People living with dementia are vulnerable to crisis and emotional trauma and an emergency situation can make matters worse for them.
Recent wildfire evacuations in the Central Okanagan are one example.
Jill Jukes, director of community services with the Alzheimer Society of BC (ASBC), says changes to routine, location and circumstances can be challenging for those living with dementia and the people supporting them.
“It adds extra stress, complications and time to everything,” she said. “It can lead to frustrations and behaviours that maybe caregivers aren’t used to seeing.”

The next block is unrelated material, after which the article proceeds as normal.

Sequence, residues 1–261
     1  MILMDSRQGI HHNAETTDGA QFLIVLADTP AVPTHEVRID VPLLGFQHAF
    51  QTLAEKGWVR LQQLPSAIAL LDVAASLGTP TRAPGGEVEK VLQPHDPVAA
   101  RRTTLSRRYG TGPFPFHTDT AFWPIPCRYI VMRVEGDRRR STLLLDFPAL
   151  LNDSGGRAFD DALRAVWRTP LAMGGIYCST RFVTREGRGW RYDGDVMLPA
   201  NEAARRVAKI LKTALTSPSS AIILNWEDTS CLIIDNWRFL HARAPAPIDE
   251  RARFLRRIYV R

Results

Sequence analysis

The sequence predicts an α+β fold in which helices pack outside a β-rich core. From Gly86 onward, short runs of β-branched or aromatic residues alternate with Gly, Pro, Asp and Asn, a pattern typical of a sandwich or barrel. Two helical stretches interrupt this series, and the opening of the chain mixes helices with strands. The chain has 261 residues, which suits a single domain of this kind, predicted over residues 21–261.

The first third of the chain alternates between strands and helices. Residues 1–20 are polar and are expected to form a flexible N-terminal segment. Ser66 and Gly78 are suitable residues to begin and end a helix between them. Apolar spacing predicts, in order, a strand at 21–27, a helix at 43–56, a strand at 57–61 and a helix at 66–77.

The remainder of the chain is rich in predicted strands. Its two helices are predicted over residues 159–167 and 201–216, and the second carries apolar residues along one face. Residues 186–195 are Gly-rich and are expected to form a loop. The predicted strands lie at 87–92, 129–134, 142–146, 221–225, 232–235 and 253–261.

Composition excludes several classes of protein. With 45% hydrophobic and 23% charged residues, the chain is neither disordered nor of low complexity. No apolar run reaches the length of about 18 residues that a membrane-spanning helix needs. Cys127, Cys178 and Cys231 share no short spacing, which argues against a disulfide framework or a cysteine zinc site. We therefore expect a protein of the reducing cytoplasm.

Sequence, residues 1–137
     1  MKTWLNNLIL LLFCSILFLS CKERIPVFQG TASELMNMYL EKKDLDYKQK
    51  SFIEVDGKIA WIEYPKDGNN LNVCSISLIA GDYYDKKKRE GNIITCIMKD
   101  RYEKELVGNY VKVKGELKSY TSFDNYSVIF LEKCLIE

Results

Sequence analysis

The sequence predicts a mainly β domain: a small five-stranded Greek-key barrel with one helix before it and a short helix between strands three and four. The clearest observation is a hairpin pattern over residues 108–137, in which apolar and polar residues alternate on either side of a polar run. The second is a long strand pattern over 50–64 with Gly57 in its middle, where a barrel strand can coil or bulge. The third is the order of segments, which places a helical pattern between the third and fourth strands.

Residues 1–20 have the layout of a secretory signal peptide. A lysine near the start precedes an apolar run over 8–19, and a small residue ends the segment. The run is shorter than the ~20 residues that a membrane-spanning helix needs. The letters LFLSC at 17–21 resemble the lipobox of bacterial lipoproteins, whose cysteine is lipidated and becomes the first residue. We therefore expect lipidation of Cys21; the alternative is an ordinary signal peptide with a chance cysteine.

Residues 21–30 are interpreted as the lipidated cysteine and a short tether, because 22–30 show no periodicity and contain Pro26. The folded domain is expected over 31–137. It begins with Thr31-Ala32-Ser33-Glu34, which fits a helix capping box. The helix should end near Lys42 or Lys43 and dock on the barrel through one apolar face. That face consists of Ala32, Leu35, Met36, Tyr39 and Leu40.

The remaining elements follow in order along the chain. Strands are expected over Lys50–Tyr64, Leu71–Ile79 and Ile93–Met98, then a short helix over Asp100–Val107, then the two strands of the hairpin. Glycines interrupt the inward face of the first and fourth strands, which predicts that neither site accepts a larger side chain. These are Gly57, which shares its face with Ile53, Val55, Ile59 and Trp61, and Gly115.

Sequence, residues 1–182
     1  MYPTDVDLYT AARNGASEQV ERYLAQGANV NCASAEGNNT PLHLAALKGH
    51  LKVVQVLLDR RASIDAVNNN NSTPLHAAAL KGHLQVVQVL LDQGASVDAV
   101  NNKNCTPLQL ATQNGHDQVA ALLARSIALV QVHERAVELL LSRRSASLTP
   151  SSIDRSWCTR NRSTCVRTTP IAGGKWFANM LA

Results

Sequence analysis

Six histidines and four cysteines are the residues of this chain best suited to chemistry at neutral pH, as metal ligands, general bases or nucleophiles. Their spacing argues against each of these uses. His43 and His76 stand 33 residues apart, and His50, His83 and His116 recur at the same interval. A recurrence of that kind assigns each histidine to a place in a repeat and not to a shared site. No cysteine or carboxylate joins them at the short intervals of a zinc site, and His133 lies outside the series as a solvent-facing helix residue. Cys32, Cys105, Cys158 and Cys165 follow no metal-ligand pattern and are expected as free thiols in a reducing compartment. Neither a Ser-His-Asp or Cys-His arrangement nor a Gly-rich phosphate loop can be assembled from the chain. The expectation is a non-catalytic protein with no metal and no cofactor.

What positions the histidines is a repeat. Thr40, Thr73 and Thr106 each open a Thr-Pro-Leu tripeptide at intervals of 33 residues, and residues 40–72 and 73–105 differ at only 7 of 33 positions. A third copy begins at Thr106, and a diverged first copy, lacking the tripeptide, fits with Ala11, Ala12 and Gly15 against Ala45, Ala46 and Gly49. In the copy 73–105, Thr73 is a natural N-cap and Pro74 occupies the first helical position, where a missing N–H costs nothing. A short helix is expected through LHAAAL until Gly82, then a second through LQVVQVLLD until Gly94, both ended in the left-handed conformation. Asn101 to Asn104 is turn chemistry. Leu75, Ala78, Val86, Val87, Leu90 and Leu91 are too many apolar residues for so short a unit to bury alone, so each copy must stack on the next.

In a crisis, someone with dementia may feel upset with others. They may not know they are upset and may be unable to describe why they feel that way.
Jukes said it’s important to react to how an individual is feeling in the moment.
“If someone is feeling agitated or scared, what can you do in that moment to make them feel reassured and safe. It’s not likely you’re going to be able to explain the situation. You’re going to focus on we’re not safe here right now let’s take this next step to get to a safe place.”
Jukes added it may also be helpful to take the person’s mind off of what is happening by talking about something else.
Familiarity is important as well.
“If you know there is something that will help a person feel settled in a different place, try and bring that,” Jukes said.
More information about dementia can be found on the ASBC website and by calling the helpline at 1-800-616-8816.